Analysis: Ohio GOP jumps on 'independent state legislature theory.' But they may not like what the Supreme Court has to say
When the two most powerful politicians in Ohio's Statehouse decided last week to take their beef with the state Supreme Court over congressional district maps to the U.S. Supreme Court, they may have forgotten a maxim from Lawyering 101:
Never ask a question unless you already know the answer.
Ohio Senate President Matt Huffman and Ohio House Speaker Robert Cupp are both lawyers in good standing; neither man has trouble wading through and understanding legalese.
But, by going to the U.S. Supreme Court to glom onto an ongoing case involving a redistricting dispute in North Carolina, the two leaders of the Ohio General Assembly are hanging their hats on an amorphous and dubious belief known as the independent state legislature theory.
The independent state legislature theory argues that state lawmakers have sole authority over issues related to federal elections and therefore those issues are not in a state supreme court’s jurisdiction.
They say that what a four-member majority of the Ohio Supreme Court did on July 19 in rejecting the Ohio GOP's latest version of a congressional district map was unconstitutional under a theory that no court, including the U.S. Supreme Court, has affirmed as being a real thing.
Huffman and Cupp want the U.S. Supreme Court to rule that state courts — even a state supreme court — can't stop the legislature from doing what it wants, when it wants.
The statement released last Friday by Cupp and Huffman argued that "while many believe that the Ohio Supreme Court majority misinterpreted state law, there is also the broader concern that the court assumed a role the federal constitution does not permit it to exercise. This is a matter that needs resolution by our nation’s highest court.”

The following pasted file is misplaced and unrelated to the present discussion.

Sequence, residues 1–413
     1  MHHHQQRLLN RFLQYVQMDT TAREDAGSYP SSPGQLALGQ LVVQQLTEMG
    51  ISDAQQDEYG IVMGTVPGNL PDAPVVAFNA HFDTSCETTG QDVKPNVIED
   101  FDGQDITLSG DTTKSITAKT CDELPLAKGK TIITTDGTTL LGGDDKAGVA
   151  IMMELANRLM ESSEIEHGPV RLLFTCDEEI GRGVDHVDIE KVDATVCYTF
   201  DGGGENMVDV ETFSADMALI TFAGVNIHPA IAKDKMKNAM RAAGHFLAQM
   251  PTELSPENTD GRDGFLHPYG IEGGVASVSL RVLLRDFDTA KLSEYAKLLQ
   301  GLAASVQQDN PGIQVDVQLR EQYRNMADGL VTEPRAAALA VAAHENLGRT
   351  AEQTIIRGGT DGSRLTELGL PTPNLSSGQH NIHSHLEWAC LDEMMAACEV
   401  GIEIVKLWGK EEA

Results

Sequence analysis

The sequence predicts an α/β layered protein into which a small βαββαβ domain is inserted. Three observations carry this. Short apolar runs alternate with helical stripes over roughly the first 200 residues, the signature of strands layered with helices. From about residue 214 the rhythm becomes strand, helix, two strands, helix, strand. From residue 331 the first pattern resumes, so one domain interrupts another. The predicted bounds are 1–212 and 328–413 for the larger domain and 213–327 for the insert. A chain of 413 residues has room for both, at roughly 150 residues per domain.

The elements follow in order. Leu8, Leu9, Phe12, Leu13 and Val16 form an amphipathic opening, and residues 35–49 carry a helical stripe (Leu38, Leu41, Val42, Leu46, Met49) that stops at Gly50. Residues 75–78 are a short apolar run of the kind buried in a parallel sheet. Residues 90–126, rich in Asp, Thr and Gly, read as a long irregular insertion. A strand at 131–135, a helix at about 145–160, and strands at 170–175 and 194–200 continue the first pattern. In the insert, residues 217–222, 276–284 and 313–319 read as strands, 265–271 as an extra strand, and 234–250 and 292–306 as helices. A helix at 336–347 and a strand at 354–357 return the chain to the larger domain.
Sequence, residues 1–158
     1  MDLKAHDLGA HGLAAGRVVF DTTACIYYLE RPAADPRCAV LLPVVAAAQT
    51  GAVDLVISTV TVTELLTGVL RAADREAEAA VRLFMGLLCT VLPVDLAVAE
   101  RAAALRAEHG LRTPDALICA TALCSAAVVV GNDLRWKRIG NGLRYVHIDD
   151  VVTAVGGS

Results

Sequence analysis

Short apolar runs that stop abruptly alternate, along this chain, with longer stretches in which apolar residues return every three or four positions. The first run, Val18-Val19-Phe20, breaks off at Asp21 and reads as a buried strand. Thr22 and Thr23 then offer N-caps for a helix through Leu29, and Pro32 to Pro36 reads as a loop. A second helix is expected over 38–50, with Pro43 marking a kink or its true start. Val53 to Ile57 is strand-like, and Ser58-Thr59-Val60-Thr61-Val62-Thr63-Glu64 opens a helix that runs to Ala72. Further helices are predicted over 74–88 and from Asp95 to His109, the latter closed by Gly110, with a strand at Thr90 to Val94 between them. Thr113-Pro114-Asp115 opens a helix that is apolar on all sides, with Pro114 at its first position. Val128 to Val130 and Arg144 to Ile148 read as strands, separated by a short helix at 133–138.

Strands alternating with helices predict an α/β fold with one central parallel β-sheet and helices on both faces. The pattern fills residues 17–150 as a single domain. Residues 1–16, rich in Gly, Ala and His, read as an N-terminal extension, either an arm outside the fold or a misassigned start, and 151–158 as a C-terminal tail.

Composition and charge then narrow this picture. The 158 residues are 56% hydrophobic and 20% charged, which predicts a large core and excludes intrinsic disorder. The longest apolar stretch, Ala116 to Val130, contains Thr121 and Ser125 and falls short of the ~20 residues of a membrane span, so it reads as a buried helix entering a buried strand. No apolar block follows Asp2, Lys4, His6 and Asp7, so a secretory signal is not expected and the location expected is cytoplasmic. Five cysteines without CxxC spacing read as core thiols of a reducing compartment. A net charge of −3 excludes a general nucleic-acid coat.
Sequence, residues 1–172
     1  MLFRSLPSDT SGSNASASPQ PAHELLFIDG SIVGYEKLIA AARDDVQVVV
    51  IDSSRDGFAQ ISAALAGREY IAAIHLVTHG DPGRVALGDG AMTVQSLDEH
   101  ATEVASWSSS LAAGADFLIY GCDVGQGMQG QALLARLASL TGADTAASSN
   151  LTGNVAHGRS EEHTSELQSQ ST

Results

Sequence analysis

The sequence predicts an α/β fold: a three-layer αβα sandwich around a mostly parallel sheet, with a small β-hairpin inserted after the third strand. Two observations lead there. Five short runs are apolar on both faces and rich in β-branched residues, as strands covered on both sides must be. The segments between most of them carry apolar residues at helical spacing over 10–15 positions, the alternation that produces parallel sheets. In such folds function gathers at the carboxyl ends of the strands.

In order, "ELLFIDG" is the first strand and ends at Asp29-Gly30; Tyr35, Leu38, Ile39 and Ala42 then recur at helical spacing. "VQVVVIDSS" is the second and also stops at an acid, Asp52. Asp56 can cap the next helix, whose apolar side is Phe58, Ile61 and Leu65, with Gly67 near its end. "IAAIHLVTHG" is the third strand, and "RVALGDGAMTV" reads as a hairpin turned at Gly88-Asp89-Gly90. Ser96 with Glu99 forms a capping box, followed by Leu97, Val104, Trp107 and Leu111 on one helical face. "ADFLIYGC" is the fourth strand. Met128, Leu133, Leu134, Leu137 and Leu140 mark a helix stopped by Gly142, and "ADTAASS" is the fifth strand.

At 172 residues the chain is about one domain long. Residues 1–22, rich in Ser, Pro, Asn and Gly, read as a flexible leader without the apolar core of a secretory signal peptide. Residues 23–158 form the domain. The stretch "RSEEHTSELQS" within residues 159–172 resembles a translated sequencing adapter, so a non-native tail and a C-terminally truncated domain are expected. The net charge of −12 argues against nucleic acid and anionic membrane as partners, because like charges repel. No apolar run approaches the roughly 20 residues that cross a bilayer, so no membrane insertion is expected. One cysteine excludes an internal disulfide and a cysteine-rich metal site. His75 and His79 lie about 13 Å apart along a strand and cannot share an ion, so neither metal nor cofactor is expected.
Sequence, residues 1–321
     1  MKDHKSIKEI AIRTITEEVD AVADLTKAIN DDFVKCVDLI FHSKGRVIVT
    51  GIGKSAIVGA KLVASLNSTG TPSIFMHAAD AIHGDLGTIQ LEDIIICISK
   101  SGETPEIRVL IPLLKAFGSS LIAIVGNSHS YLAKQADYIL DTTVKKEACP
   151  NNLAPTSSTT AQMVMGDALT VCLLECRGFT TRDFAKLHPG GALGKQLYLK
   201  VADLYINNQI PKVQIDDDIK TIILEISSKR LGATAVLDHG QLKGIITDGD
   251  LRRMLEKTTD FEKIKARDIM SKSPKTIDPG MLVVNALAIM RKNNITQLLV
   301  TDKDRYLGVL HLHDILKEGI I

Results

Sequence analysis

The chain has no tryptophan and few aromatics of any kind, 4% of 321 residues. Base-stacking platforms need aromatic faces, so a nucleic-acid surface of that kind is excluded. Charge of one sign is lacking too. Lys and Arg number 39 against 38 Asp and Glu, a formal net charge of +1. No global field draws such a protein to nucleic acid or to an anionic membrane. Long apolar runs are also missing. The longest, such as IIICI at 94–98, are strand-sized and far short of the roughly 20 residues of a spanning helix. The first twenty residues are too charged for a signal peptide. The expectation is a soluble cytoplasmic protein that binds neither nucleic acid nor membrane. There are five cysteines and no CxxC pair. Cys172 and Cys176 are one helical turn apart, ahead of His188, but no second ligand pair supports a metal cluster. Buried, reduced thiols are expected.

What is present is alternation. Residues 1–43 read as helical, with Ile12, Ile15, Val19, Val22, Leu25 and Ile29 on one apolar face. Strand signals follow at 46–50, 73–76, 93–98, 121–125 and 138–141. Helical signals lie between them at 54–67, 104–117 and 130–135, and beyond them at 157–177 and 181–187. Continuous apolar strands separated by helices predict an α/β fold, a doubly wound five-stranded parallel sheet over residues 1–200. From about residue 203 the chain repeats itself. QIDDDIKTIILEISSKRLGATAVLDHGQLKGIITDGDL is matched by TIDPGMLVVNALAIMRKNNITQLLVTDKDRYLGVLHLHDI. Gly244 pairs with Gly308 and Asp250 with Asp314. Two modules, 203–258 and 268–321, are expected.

The Republican legislative leaders said their argument is based on the Elections Clause of the U.S. Constitution, which says, “The Times, Places and Manner of holding Elections for Senators and Representatives, shall be prescribed in each State by the Legislature thereof.”
David Pepper, the former Ohio Democratic Party chairman who teaches voting rights at the University of Cincinnati College of Law, says the Cupp-Huffman argument is not only wrong, but arrogant.
The manner of drawing state legislative and congressional district lines was set out in the 2015 and 2019 Ohio Constitutional amendments passed overwhelmingly by Ohio voters, Pepper said.
"The Ohio Supreme Court has had the authority to review these maps all along," Pepper said. "What Huffman is really saying is, 'I don't need to follow your (state) constitution because I am so powerful.' "
"Early voting has already begun and we are literally voting now for Congress and the state legislature that have been declared unconstitutional by the Ohio Supreme Court," Pepper said.
Nonetheless, Huffman and Cupp will forge ahead with their attempt to jump in on the North Carolina case and, they hope, get the Ohio Supreme Court off their backs once and for all.
They seem to have faith that a U.S. Supreme Court with a conservative majority, appointed by Republican presidents, will see things their way.
But the Ohio Statehouse power duo — both from little ol' Lima, Ohio — may not have reckoned on a 2019 U.S. Supreme Court case called Rucho v. Common Cause, a landmark case out of Florida involving partisan gerrymandering.
A 5-4 majority in Rucho decided that while gerrymandering might be "inconsistent with democratic principles" the justices said federal courts may not review such cases.
The majority opinion, written by Chief Justice John Roberts, an appointee of President George W. Bush, said that while there is no "fair districts" amendment to the U.S. Constitution, "provisions in state statutes and state constitutions can provide standards and guidance for state courts to apply."
Which is exactly what the Ohio Supreme Court, armed with a state constitutional amendment, has been doing.
Four other justices signed on to this ruling, all from the conservative wing of the court and appointed by Republican presidents: Clarence Thomas (Bush 41), Samuel Alito (Bush 43), Neil Gorsuch (Trump) and Brett Kavanaugh (Trump).
Do the two guys from Lima really expect this U.S. Supreme Court to do a complete U-turn and reverse its own decision from only three years ago?
Sorry, folks, we were just pulling your leg back in 2019. We don't really think state courts have anything to say about gerrymandering. Sorry for the inconvenience!
Don't hold your breath, fellas. You'd better just hope you come out of the election three weeks from now with a friendlier Ohio Supreme Court.